President Trump got a step closer to pulling America out of the Paris Climate Agreement by sending a withdrawal letter to the United Nations, Secretary of State Mike Pompeo announced in a statement on Monday.
For more than two years President Donald Trump has talked about pulling the United States out of the landmark Paris climate agreement. Starting Monday he finally can do something about it.
Even then, though, the withdrawal process takes a year and wouldn't become official until at least the day after the 2020 presidential election.
Today we begin the formal process of withdrawing from the Paris Agreement. The U.S. is proud of our record as a world leader in reducing all emissions, fostering resilience, growing our economy, and ensuring energy for our citizens. Ours is a realistic and pragmatic model.— Secretary Pompeo (@SecPompeo) November 4, 2019
In the Paris agreement, nearly 200 countries set their own national targets for reducing or controlling pollution of heat-trapping gases. It was negotiated in 2015 with lots of prodding by the United States and China and went into effect on November 4, 2016.
The terms of the deal say no country can withdraw in the first three years. So Monday is the first time the US could actually start the withdrawal process, which begins with a letter to the United Nations. And it doesn't become official for a year after that, which leads to the day after the election.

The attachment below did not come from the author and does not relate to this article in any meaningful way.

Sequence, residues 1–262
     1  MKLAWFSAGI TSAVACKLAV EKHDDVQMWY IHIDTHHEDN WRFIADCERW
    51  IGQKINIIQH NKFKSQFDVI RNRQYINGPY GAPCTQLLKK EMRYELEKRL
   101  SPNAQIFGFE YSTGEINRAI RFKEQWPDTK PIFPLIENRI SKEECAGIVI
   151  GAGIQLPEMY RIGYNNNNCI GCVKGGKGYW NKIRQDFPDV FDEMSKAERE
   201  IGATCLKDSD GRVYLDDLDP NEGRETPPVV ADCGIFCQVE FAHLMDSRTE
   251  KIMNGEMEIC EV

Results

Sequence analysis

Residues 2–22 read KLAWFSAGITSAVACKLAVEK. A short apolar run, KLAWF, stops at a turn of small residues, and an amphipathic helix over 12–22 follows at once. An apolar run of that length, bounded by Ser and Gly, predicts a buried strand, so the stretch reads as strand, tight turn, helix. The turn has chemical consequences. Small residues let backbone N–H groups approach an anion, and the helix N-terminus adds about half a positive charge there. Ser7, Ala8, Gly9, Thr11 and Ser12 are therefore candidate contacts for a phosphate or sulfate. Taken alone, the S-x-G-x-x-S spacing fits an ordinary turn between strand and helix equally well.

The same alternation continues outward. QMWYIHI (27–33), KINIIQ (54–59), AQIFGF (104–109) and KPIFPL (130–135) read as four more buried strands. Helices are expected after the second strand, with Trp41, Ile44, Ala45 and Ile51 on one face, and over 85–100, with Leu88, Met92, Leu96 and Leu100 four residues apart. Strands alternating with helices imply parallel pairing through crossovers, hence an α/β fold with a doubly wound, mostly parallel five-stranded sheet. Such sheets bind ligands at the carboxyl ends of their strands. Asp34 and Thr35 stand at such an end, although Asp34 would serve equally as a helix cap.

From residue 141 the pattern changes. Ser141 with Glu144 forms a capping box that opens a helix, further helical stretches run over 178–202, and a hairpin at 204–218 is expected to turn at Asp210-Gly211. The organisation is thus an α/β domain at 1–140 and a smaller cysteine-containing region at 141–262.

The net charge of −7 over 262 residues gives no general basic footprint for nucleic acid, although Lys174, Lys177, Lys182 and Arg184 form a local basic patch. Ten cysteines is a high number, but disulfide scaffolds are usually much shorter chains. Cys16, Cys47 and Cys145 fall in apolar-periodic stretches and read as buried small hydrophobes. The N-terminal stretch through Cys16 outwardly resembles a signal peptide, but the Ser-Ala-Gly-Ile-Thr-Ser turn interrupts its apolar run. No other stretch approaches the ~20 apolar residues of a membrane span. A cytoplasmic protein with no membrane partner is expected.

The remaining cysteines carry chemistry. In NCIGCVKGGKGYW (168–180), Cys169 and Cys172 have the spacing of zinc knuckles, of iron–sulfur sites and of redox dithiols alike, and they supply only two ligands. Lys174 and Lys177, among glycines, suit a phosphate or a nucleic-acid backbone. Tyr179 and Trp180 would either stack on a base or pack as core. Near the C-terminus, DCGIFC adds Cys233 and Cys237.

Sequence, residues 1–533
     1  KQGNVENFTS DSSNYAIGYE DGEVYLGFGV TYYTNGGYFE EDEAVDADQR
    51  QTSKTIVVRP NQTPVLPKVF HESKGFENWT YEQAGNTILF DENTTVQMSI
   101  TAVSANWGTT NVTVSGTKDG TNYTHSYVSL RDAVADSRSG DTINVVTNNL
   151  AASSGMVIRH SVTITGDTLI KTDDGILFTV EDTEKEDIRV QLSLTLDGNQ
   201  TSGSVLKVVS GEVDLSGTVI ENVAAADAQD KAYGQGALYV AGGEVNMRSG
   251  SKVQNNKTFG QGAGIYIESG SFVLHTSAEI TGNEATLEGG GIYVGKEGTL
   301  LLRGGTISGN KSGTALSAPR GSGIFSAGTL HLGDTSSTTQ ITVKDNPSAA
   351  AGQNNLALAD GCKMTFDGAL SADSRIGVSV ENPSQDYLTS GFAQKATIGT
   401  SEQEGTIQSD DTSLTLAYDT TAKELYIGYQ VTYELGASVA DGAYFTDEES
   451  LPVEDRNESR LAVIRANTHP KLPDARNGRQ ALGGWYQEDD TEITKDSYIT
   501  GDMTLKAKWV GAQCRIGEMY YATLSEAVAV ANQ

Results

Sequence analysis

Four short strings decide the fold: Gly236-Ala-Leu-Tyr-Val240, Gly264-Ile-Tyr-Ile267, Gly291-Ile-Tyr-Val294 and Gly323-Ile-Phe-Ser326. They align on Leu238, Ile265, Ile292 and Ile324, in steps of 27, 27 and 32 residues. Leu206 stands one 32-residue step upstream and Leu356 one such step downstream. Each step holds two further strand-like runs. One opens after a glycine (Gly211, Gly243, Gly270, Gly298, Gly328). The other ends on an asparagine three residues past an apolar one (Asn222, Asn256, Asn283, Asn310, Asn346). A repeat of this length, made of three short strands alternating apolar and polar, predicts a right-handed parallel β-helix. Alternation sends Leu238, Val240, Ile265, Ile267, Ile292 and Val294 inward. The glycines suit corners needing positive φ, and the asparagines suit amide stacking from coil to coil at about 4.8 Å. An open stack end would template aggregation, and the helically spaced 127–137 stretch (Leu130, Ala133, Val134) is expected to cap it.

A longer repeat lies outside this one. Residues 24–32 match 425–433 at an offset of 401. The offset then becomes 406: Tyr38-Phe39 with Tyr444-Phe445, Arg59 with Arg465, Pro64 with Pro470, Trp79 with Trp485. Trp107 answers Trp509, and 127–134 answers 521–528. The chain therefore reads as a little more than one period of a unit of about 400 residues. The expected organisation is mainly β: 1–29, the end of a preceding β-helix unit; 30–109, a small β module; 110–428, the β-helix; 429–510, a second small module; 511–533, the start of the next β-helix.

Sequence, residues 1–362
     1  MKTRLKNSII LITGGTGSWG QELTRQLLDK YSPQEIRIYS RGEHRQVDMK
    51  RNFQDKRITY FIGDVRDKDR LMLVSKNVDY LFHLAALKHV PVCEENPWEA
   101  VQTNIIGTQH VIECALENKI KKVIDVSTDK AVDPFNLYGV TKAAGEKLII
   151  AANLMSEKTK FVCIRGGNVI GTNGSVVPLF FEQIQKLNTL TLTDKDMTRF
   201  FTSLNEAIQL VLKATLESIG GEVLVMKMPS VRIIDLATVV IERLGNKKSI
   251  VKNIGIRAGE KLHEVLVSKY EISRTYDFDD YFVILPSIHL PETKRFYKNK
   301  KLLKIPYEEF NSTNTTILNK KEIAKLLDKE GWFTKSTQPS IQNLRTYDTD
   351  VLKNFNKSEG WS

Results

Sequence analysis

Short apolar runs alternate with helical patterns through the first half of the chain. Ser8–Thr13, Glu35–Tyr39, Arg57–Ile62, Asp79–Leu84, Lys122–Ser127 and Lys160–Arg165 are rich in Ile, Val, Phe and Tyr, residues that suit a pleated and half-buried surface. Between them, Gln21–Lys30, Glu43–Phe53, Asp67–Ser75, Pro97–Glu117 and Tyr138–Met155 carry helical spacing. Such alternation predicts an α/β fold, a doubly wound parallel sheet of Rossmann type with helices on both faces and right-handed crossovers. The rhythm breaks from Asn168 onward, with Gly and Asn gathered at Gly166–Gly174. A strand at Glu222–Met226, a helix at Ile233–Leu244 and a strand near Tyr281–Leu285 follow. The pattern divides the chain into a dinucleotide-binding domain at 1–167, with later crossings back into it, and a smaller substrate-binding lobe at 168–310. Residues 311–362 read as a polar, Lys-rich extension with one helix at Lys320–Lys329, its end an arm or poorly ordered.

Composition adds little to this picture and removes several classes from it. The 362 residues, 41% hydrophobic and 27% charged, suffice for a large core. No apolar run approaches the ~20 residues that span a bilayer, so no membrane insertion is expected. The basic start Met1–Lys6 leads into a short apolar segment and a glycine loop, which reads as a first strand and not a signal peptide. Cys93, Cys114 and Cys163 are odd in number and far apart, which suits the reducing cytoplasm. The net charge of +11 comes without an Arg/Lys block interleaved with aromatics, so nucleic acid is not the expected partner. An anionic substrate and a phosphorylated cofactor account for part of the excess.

When we take back the White House, we will not only rejoin the Paris Agreement. We will launch the decade of the Green New Deal to lead the world in averting the climate crisis and create 20 million new jobs. Read our plan: https://t.co/ICGwA1xSoS— Bernie Sanders (@BernieSanders) November 4, 2019
If someone other than Trump wins in 2020, the next president could get back in the deal in just 30 days and plan to cut carbon pollution, said Andrew Light, a former Obama State Department climate negotiator now at the nonprofit World Resources Institute.
Light and other experts say the withdrawal by the United States, the second-biggest climate polluter and world's largest economy, will hurt efforts to fight global warming.
"Global objectives can't be met unless everybody does their part and the US has to play the game," said Appalachian State University environmental sciences professor Gregg Marland, who is part of a global effort to track carbon dioxide emissions. "We're the second biggest player. What happens to the game if we take our ball and go home?"
The U.S. is now the only country to pull out of the pact.https://t.co/ESCXxtTotv— NPR (@NPR) November 4, 2019
Someone else, probably the biggest polluter China, will take over leadership in the global fight, said MIT economist Jake Jacoby, who co-founded the MIT Joint Program on the Science and Policy of Global Change.
The penalty for the US "is not in economic loss. The penalty is in shame, in discrediting US leadership," Jacoby said.
Asked what the US plans next, State Department spokesman James Dewey on Friday emailed only this: "The US position with respect to the Paris Agreement has not changed. The United States intends to withdraw from the Paris Agreement."
The agreement set goals of preventing another 0.9 degrees to 1.8 degrees of warming from current levels. Even the pledges made in 2015 weren't enough to prevent those levels of warming.